Exalted 3rd Edition



Hello there my friends, it is I the author of this blog adjacent internet entity.  I have been away for some time, some due to personal reasons (dealing with the death of a good friend) others due to simple laziness and also because I have been busy playing games with my friends.  (Whom I blame for my new and dangerous addiction to X-Wing Miniatures).

However, today I am going to talk a bit about Exalted 3rd Edition.  I’ve always loved the idea of Exalted, it is set up to tell a really interesting story about flawed beings with the power kill gods (which was their original purposes) and reshape their world.

Sounds awesome doesn’t it?  Well it is, with anything up to about 3 to 4 players.  Beyond that (And at higher levels) the extreme crunchiness of the system causes it to explode and collapse like a Jenga Tower made of Nitrogen Triiodide.

A very good friend of mine once heroically attempted to run a 2nd Edition Exalted game for a group of 9 players (a full circle of Solars, at least 2 Luna, an Abyssal & a Sidereal).  It was immense fun, but the system problems just caused us to become bogged down in tedium the moment a combat started (which is pretty frequently in Exalted).

I was pretty skeptical about the 3rd Edition Kickstarter, I didn’t back it as I didn’t have a massive amount of faith that they could deliver what they promised and given the amount of issues that there have been around its release I think I was justified.  However, all that said, 3rd Edition has been released in both PoD and PDF.  So I have caved to my inner GM (you know the one, it’s the voice that tells you to just pick up the corebook and see how it goes or so what the previous edition sucked, this time it might be perfect) and picked up the print and PDF bundle.  As a PoD title it’s going to be a week or so before I get the physical book, but I have the PDF and this post will be based on that. (Update, I have the PoD Copy and it is massive and very well printed).

Ok, initial impression, the PDF is massive, its 48MB & 686 Pages long.  The art on the cover is awesome and the general standard of art throughout the entire book is very high with an excellent mix between the anime style of previous Exalted editions and a more illustrated style that reminds me really strongly of Yoshitaka Amano’s Final Fantasy art. The pages look pretty well set out and the page backgrounds are thematic and unintrusive.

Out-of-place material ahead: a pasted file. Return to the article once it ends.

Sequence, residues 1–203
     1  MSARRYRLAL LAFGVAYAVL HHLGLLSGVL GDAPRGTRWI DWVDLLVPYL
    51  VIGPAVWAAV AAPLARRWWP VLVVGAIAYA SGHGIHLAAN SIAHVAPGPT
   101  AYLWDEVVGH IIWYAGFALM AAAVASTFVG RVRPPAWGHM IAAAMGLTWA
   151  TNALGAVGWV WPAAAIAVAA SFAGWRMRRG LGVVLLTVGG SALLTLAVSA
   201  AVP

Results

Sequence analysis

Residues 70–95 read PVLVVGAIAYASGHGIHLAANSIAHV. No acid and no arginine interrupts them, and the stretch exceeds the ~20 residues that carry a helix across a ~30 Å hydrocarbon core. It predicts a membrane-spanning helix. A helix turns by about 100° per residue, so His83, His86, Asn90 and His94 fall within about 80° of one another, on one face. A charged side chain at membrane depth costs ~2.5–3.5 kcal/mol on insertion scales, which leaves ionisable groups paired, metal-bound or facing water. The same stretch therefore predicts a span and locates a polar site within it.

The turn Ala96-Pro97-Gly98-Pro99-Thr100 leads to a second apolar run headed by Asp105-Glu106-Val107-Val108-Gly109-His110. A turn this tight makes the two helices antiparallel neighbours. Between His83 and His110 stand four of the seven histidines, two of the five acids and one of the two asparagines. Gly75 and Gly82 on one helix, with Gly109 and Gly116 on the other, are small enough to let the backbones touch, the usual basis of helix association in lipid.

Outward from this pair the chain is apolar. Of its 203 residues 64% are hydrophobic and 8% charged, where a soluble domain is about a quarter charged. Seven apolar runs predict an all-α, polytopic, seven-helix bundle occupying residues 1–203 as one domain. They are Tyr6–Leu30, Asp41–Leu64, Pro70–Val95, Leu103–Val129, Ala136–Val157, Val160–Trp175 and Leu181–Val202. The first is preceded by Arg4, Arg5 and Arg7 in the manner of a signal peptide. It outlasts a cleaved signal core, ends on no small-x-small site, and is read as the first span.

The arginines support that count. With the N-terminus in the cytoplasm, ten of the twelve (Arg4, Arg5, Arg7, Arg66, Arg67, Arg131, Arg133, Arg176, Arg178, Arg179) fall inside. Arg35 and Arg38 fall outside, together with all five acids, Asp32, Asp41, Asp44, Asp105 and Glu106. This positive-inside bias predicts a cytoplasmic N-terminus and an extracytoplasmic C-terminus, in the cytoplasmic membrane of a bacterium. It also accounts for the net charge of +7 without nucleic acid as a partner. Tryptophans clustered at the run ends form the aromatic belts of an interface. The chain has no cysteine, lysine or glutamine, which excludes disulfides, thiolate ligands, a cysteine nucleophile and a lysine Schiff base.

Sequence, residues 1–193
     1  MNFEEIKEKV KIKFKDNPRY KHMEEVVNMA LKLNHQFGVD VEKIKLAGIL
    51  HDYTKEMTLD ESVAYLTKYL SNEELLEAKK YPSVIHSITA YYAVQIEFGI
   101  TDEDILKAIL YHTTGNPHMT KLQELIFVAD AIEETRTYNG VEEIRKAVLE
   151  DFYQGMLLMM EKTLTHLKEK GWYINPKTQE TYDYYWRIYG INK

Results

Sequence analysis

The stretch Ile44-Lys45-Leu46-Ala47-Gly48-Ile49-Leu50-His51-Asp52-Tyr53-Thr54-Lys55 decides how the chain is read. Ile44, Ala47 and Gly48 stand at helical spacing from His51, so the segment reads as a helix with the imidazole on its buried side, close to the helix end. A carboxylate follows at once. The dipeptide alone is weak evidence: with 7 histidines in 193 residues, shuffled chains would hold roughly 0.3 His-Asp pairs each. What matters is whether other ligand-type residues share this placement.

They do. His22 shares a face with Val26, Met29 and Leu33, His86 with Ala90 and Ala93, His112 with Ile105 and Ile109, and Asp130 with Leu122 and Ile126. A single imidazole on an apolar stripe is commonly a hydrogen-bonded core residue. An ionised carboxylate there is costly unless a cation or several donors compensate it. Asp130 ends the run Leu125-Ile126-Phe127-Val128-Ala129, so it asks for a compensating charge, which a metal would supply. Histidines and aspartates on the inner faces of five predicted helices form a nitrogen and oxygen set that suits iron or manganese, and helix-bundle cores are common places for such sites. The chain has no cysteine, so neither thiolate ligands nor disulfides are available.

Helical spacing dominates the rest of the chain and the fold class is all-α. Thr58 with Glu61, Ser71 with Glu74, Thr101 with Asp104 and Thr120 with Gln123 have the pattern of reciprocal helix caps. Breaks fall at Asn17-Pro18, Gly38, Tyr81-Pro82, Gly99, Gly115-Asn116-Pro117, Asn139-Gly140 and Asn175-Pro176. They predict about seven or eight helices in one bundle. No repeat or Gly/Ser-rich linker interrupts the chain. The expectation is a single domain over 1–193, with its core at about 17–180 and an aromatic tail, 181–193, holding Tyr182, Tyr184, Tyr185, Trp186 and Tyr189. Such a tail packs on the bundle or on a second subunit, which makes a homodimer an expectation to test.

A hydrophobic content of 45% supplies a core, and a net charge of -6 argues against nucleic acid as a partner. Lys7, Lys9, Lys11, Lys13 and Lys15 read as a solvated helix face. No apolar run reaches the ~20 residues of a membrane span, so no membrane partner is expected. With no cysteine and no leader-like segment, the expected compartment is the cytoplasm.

Lets look at the content then, so character creation looks about standard for any Storyteller system game, spend points on stats and skills, buy advantages and then buy special snowflake powers.  I will do some example character generation at some point where we will go into this in depth.

The dice pool and success mechanic are basically the same as is the way of defining difficulty and modifying for circumstance. The difficulty (between 1 and 5) is the number of successes needed, a single success is a dice result of 7+ with 10s counting as 2 successes. Modifiers to the roll are added/subtracted from the dice pool.  So if you are trying to shoot an arrow trailing a rope into a building to enable you to climb it you’ll be rolling Dex+Archery (Difficulty 1) but as the heavy rope unabalances the arrow you will be at -1 die to the pool.

The stunt system still exists and is basically the same with a couple of tweaks.  A 1 point stunt is a simple but good description that is better than “I hit it with my axe” and awards an extra die, 2 point stunts give one automatic success and two extra dice as well as allowing the player to recover a point of willpower (up to their max) and a 3 point stunt awards 2 extra dice, 2 automatic successes and grants 2 extra willpower, which can take you above your max.


Moving into Combat we see the first real major difference.  I’ve been hearing things about the combat changes here and there but I am going into this mostly unknowing of what has been changed and boy has there been a big change.  There are now two basic types of attack, there is the Withering Attack and the Decisive Attack and the characters Initiative now serves as a kind of tracker of how well things are going.

Pay attention as this bit is important.

A Withering Attack does damage to an opponents initiative, I know this sounds a bit weird but bear with me and I will try to explain.  When you make a withering attack you are attempting to gain the upper hand in the fight, these are the attacks where it’s all blades ringing on blades and showers of sparks from armour etc.  You roll Dex+[Relevant Combat Skill]+Weapons Accuracy Bonus as a dice pool versus the opponents defense, assuming you hit the target you deal damage by rolling (Str+Weapon+Extra Successes)-Opponents Relevant Soak as a dice pool (The two successes from a 10 rule does apply here).  The ‘damage’ from this roll is taken off the opponents initiative and added to yours. This can push the opponent to zero or negative initiative and you get some cool effects for doing this.